Unconventional voices

Would it be a protest to display a melting ice sculpture of the word “democracy,” to perform gay liberation art, to speak out on a soapbox or parade down Nicollet Mall for liberty? Not exactly. The UnConvention is not about protesting. It is a collective umbrella — bringing together nonpartisan alternative art and media — with a mission to project the voices of the public.

With nearly 20 projects and events planned during the Republican National Convention, The UnConvention is certainly going to be noticed. 

Intermedia Arts, 2822 Lyndale Ave. S., will be the hub of The UnConvention activities. Marlina Gonzalez, programs manager of Intermedia Arts, says, “our building will be transformed into the gathering place for local and national artists, educators, alternative journalists and the general public to interact around issues related to participatory democracy.”

Every inch of the space will be spewing with alternative political voices. Even the air will be transmitting new types of media; photographs, video loops, and audio/visual art will possess the gallery walls and screens. 

The UnConvention is in no way part of the assembly that plans to protest in front of the Xcel Energy Center.

Jason Barnett, director of The Uptake, says the stereotypical protest is ineffective, “you know- rah, rah, rah, bore me to death, here’s my old sign, boo. It’s like an old ‘’60s hangover. We need to reinvent protesting.”

The Uptake is an online media source, based out of Minneapolis and Denver, which projects the footage of citizen journalists. With the coordination of online tools, The Uptake will train anyone with access to a basic camera how to be a citizen journalist. Barnett says journalism is changing and citizen journalists are part of the solution.

“A million cameras will be pointing at the boring protests at the Xcel, while our citizen journalists will be capturing the more interesting ways that people are showing and expressing their opinions,” Barnett said.

As part of The UnConvention, The Uptake has teamed with the Walker Art Center on a project called “I Approve This Message.” The UnConvention is accepting citizen-approved video messages to the delegates. These messages will be screened in the entrance of the Walker, at Intermedia Arts and on a jumbotron outside the Xcel, during the RNC.

Un-scripting the political process

Justin Heideman, a new media designer for the Walker, says that The UnConvention is about un-scripting the political process. “Conventions are highly devoid of any real content.”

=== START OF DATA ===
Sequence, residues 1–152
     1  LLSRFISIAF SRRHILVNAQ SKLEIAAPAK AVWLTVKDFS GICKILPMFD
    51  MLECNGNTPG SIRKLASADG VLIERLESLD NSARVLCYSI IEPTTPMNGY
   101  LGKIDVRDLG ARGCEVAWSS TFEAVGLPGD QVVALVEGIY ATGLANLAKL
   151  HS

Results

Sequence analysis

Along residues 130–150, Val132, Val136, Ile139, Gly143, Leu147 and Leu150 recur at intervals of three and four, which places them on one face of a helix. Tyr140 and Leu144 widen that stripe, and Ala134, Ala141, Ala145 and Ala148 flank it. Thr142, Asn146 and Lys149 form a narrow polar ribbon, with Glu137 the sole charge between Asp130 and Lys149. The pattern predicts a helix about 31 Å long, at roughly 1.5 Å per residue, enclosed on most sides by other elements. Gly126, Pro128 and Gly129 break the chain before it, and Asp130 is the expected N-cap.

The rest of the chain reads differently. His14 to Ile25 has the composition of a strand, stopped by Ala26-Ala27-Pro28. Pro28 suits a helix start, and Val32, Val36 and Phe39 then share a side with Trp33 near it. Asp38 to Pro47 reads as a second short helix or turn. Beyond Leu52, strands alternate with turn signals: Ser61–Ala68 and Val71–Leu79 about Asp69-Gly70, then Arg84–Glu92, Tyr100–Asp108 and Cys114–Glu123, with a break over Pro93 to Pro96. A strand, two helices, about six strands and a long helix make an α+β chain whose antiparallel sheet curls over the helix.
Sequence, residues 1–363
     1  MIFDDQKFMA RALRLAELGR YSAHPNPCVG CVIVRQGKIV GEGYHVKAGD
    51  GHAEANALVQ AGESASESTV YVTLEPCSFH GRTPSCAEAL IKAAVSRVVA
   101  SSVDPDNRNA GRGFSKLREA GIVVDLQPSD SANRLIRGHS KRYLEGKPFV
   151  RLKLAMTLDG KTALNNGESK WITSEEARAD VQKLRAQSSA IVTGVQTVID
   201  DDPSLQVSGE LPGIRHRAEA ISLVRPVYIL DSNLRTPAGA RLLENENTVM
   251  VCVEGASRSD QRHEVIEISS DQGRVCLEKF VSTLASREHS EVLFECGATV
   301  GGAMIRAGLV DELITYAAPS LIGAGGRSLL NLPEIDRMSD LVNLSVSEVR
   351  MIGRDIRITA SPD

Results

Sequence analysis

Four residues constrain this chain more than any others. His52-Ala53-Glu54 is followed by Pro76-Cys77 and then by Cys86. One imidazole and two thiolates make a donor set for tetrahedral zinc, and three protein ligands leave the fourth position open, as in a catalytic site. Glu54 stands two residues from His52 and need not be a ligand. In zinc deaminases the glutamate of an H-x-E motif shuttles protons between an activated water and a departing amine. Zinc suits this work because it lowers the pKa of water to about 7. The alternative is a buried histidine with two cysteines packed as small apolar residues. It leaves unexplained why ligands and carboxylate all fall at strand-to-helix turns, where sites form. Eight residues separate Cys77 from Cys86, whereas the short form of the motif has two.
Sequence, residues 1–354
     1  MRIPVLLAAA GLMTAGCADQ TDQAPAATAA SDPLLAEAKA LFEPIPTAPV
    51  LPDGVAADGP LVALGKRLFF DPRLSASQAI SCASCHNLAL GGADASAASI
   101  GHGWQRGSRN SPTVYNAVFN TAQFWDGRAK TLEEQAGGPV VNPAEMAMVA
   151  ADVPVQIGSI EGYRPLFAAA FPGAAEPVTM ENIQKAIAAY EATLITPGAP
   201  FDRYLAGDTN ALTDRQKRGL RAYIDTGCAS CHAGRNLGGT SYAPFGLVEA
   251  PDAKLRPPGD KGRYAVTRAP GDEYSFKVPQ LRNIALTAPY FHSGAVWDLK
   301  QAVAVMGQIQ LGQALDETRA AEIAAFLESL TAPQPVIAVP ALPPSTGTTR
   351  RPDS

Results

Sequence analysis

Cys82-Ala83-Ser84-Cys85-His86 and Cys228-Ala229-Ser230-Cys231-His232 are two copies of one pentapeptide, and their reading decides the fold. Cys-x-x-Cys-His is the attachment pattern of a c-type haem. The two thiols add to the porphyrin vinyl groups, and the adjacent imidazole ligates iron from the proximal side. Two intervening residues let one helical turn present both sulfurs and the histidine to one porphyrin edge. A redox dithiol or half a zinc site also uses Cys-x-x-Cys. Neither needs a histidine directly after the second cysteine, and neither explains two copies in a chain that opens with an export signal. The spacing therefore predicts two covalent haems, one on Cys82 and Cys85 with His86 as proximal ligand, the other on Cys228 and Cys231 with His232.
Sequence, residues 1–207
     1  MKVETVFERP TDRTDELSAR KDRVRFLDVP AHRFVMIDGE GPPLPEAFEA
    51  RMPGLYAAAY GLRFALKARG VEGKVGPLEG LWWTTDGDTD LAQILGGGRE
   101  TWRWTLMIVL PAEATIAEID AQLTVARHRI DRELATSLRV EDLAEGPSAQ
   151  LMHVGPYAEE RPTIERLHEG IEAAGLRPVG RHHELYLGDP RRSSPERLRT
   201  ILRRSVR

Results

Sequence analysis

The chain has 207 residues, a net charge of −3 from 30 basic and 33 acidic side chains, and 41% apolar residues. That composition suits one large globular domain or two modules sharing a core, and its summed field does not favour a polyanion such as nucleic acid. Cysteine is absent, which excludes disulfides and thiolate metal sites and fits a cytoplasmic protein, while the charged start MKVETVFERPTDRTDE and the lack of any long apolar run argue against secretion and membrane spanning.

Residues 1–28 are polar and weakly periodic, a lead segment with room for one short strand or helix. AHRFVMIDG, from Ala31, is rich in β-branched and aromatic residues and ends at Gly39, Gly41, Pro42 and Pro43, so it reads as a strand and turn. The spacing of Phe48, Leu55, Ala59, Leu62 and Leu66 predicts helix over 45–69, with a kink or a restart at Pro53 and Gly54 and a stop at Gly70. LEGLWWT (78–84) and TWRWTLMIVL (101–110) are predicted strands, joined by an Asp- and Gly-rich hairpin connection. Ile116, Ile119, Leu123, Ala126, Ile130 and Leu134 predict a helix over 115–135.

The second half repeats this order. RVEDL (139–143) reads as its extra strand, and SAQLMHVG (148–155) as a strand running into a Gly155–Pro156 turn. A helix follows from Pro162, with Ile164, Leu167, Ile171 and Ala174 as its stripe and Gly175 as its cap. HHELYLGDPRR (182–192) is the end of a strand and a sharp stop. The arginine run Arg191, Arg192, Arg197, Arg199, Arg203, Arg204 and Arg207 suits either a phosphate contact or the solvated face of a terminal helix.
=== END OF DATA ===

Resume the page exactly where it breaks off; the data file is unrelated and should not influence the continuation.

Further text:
The public is not allowed to interact with the candidates during the convention.

“It is basically a big media event that is projected on TV, teaching us that the only way to take part in the process is to vote,” Heideman said.

In order for democracy to work effectively, it begins with the people. Big change starts in little places. In Minneapolis and St. Paul, that means getting quirky with yard signs.  

For The UnConvention, The Walker has been working on a project called “My Yard, Our Message.”

In May, local artists submitted more than 300 yard sign designs for the competition. “During the convention, the Dayton’s Bluff and West Side neighborhoods in St. Paul will become outdoor galleries of artist designed yard signs,” Heideman said. The 50 winning signs are available for online purchase.

Many of these signs encourage voters to use their voice. A winning sign by designer, Bluefield, says: “Majority Rule? Only 55% of eligible voters decided the President for all of us in 2004. Not This Time.”

If voting is the only way the public can have a say in political change, voters definitely showed their power during the 2008 Primaries.

Nora Ligorano and Marshall Reese will be recreating an ice sculpture titled “The State of Things” as part of Brushfire Provisions Public Art during The UnConvention events. The sculpture will be a 15-foot-wide installation of the word “democracy” carved in ice. During the 8 to 12 hour period of the installation, the idea that our country was founded on will vanish as ice chunks collide, crush and melt into a puddle of political interpretation.

The events of The UnConvention are meant to be compellingly visual and interactive, promoting peace and sparking public reaction and expression. Some of the art speaks for itself, but most of the mediums are designed to be interactive. Everything that is affiliated with The UnConvention is intended to be nonpartisan. “The UnConvention is of course political,” Heideman said, “but it’s not about Democrats or Republicans, it is about the voice of the public.”

From the airwaves to a soapbox

The UnConvention will cover Minneapolis to St. Paul — on the ground, in the airwaves, in galleries and on bikes.